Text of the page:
# Proof of bivector multiplication with reciprocal frame vector from Doran, Lasenby?

Doran and Lasenby (Geometric Algebra for Physicists) introduce the reciprocal frame vector and make the below assertion about multiplication with arbitrary bivectors (page 102, eq 4.104):

$$e_i e^i \cdot (a \wedge b) = e_i e^i \cdot ab - e_i e^i \cdot ba$$

Here $$e^i$$ is the reciprocal frame vector and $$e_i$$ is a corresponding basis vector. Where does this expression come from? I thought that the outer product was expressed as $$a \wedge b = 0.5(ab-ba)$$, so shouldn't there be a factor of 1/2? Any help would be very appreciated as I'm quite new to geometric algebra and might be missing something.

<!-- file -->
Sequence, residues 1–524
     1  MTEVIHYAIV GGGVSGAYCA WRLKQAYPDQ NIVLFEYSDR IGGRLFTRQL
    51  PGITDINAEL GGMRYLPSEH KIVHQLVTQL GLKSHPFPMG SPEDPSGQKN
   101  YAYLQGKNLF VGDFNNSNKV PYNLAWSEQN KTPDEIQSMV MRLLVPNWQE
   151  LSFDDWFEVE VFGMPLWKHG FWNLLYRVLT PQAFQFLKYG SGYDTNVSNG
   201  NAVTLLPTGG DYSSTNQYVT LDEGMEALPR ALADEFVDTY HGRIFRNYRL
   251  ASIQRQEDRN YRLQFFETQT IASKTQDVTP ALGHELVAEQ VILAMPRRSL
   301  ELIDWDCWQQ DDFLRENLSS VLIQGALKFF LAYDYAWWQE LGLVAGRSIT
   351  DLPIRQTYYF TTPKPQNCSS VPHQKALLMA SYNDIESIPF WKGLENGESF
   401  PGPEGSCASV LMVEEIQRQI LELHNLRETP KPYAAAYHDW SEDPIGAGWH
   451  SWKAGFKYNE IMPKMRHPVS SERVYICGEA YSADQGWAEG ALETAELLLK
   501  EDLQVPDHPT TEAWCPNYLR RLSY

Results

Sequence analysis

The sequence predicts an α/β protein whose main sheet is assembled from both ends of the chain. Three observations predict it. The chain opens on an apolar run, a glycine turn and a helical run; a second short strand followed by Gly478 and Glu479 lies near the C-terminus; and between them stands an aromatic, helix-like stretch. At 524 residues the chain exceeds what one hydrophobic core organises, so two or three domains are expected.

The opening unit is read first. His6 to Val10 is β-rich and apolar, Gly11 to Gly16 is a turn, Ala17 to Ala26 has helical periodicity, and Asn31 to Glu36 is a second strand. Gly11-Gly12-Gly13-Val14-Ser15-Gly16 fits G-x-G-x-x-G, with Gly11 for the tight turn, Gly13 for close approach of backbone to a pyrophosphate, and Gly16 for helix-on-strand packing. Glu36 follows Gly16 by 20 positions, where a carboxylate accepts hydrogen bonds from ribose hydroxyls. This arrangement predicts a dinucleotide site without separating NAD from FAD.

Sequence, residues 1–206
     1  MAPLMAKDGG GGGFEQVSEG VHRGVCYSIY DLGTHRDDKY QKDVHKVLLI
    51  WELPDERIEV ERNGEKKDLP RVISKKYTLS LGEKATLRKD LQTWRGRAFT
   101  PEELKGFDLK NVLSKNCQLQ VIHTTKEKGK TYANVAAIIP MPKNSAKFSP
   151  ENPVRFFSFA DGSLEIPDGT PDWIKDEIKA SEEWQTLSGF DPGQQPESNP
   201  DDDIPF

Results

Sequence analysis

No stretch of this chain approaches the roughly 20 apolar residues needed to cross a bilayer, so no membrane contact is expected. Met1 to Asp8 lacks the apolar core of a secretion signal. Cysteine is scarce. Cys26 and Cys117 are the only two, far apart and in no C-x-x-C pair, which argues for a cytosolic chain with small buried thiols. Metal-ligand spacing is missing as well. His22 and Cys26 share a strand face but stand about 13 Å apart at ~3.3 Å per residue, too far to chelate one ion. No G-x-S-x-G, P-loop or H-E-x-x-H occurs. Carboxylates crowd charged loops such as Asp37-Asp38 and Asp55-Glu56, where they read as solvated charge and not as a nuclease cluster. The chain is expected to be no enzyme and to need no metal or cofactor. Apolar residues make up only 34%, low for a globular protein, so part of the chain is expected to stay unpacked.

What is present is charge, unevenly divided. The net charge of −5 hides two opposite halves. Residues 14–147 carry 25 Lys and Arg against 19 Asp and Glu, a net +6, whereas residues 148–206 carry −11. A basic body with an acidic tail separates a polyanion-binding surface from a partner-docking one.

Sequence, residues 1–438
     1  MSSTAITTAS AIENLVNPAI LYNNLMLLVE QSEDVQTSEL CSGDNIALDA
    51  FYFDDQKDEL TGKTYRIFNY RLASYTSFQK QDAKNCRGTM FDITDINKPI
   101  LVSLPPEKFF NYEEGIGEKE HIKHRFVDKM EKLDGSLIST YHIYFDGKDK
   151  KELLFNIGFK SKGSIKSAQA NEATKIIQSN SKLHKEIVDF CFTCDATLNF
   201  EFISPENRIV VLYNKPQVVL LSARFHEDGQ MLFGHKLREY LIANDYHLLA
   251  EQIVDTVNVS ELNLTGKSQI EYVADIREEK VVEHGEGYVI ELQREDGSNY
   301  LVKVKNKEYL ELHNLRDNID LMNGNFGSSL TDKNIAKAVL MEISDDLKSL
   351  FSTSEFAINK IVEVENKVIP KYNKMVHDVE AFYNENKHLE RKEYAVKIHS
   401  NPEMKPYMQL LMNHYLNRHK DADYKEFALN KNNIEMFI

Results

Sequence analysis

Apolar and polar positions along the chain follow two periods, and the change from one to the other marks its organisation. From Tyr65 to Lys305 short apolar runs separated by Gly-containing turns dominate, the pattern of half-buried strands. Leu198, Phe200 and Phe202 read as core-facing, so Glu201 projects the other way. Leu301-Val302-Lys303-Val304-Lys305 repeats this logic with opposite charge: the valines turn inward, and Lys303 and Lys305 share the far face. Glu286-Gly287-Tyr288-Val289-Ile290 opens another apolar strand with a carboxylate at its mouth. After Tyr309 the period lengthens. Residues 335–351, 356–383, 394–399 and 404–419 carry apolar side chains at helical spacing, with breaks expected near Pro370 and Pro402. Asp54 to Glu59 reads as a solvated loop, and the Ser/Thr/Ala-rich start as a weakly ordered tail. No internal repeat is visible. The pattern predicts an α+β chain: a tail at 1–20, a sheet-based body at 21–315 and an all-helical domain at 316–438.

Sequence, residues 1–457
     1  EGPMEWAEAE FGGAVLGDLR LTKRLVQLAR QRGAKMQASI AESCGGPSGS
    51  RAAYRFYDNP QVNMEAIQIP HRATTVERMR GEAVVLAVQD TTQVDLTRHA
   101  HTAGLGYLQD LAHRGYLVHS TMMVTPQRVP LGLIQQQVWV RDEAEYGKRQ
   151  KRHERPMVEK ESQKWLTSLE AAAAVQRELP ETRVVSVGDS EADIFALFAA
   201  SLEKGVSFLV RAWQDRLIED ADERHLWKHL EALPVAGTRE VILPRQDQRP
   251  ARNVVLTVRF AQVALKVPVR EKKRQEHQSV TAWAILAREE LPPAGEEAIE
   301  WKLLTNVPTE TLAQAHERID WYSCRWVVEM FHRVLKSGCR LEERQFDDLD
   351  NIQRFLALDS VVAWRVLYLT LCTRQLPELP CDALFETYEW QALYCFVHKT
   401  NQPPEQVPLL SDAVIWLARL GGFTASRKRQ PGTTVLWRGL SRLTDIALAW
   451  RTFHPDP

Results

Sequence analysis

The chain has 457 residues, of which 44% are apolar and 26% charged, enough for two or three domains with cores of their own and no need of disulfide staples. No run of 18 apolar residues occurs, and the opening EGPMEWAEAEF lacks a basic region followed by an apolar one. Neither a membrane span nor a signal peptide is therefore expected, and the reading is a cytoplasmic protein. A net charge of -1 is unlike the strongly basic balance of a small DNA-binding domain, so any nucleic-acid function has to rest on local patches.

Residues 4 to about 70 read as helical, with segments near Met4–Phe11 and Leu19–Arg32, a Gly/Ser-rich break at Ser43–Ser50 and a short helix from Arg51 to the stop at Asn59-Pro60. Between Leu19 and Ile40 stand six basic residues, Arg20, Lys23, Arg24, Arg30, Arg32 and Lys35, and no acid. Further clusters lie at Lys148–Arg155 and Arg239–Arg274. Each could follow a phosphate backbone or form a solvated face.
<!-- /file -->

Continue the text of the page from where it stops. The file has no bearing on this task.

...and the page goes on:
You are misunderstanding the bracketing: $$e_i[e^i\cdot(a\wedge b)] = e_i(e^i\cdot a)b - e_i(e^i\cdot b)a.$$ This follows directly from the fact that the inner product with a vector is an antiderivation over the exterior product, i.e. for any multivectors $$A, B$$ and vector $$v$$ $$v\cdot(A\wedge B) = (v\cdot A)\wedge B + \hat A\wedge(v\cdot B)$$ where $$\hat A$$ is grade involution.
• You're missing wedges on the right side. Also, this doesn't work when $A$ or $B$ is a scalar. (The left contraction should be used instead.) Commented Sep 20, 2023 at 20:03
• The bracketing convention was a bad idea. The close spacing of $e_ie^i$ visually acts like parentheses. Commented Sep 20, 2023 at 20:06